An historical incident furnishes the ground-work of this story, the heroine of which is a girl of lofty character and noble purpose. The tale describes the abandonment of Saint Phillippe in favor of the rival village of St. Louis, and shows how the latter settlement forthwith started to become a great city.
Marianne was tall, supple, and strong. Dressed in her worn buckskin trappings she looked like a handsome boy rather than like the French girl of seventeen that she was. As she stepped from the woods the glimmer of the setting sun dazzled her. An instant she raised her hand -- palm outward -- to shield her eyes from the glare, then she continued to descend the gentle slope and make her way toward the little village of Saint Phillippe that lay before her, close by the waters of the Mississippi.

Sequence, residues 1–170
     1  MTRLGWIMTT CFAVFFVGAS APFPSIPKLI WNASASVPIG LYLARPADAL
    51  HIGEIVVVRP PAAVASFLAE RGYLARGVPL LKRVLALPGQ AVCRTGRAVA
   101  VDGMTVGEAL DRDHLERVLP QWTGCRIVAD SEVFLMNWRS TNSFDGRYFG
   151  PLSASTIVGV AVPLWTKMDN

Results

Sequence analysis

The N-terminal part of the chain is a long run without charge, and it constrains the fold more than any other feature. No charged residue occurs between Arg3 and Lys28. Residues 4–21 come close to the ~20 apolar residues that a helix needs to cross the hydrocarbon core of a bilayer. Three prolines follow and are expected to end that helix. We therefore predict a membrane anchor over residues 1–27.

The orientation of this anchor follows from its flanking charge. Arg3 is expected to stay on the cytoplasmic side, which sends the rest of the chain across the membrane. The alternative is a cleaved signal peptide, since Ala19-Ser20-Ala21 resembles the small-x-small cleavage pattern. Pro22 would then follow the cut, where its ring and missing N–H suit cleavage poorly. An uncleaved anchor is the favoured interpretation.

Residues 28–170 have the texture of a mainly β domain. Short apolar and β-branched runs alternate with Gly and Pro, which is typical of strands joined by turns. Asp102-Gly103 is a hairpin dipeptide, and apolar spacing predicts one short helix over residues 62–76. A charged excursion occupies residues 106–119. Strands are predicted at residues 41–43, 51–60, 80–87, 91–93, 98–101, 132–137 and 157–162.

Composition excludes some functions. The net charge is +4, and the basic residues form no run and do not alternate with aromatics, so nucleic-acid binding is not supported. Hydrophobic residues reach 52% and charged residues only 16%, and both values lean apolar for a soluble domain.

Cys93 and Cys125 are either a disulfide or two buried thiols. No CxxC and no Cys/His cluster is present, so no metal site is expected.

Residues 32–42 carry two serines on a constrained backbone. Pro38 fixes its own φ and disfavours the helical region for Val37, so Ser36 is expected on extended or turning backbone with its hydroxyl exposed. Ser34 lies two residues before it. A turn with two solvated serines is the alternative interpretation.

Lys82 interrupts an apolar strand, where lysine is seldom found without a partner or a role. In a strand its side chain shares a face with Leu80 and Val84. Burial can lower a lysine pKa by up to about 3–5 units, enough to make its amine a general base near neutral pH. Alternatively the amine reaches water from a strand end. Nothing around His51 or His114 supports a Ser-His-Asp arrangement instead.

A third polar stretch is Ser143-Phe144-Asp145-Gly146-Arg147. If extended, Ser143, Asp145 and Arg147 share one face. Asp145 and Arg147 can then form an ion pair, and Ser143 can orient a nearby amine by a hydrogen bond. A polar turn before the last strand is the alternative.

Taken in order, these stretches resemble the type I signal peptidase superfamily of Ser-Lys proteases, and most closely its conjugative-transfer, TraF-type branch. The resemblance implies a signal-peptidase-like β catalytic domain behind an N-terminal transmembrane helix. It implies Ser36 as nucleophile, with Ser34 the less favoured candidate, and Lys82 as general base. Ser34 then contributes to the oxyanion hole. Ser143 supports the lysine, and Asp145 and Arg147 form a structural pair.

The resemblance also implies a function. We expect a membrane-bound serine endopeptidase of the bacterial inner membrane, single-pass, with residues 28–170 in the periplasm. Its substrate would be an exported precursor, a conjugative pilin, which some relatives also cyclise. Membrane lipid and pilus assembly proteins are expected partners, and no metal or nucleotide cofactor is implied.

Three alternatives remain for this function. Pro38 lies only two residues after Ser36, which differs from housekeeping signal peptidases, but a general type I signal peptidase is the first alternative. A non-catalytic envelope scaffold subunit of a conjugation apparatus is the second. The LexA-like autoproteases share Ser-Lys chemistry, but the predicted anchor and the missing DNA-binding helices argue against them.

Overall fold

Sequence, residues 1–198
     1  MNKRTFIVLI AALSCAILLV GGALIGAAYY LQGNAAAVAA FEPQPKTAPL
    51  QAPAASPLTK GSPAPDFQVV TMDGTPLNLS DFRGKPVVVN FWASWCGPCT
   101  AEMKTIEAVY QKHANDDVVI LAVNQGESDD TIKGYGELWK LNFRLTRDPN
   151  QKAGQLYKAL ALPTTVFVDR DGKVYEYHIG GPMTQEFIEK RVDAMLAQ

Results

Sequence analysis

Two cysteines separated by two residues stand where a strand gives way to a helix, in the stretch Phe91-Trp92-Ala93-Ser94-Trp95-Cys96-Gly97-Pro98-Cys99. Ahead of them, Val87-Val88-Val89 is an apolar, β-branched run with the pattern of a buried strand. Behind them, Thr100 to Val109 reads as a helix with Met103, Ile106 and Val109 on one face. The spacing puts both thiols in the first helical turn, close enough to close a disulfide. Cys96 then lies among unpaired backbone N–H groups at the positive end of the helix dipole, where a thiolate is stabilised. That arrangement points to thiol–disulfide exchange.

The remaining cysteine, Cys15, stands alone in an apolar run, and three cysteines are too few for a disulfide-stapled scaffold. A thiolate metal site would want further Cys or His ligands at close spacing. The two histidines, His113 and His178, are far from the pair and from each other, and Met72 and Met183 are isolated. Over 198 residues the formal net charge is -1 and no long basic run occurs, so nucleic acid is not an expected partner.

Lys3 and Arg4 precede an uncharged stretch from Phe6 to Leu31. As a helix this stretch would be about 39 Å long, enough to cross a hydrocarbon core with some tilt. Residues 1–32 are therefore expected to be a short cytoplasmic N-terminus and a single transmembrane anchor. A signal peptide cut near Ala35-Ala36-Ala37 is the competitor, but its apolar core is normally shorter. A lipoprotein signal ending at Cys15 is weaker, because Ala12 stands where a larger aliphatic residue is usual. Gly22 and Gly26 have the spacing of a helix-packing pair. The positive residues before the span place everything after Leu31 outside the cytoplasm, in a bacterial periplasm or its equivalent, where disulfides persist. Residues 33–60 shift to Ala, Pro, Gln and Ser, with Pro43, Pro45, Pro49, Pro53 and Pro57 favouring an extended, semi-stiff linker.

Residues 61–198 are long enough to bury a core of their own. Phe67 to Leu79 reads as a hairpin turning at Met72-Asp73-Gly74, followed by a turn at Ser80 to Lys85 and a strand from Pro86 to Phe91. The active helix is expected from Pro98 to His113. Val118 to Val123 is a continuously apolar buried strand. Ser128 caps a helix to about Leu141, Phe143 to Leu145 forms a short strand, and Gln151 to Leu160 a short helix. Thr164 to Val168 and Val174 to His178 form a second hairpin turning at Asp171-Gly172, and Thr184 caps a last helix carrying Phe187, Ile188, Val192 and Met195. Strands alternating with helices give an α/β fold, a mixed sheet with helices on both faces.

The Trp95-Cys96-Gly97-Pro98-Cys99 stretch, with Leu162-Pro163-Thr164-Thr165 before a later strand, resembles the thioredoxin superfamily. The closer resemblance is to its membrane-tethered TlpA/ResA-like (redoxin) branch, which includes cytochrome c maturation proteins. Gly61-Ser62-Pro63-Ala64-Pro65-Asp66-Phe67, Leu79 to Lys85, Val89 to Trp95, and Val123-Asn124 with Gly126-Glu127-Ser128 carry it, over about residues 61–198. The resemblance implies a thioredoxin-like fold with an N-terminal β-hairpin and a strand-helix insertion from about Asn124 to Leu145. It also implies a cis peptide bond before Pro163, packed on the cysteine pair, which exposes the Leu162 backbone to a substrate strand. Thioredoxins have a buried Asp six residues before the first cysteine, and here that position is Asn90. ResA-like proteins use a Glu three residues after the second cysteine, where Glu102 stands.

Marianne carried a gun across her shoulder as easily as a soldier might. Her stride was as untrammelled as that of the stag who treads his native hill-side unmolested. There was something stag-like, too, in the poise of her small head as she turned it from side to side, to snuff the subtle perfume of the Indian summer. But against the red western sky curling columns of thin blue smoke began to ascend from chimneys in the village.★ This meant that housewives were already busy preparing the evening meal; and the girl quickened her steps, singing softly as she strode along over the tufted meadow where sleek cattle were grazing in numbers.
Less than a score of houses formed the village of Saint Phillippe, and they differed in no wise from one another except in the matter of an additional room when the prosperity of the owner admitted of such. All were of upright logs, standing firmly in the ground, or rising from a low foundation of stone, with two or more rooms clustering round a central stone chimney. Before each was an inviting porch, topped by the projection of the shingled roof.
Gathered upon such a porch, when Marianne walked into the village, were groups of men talking eagerly and excitedly together with much gesture and intensity of utterance.
The place was Sans-Chagrin's tavern; and Marianne stopped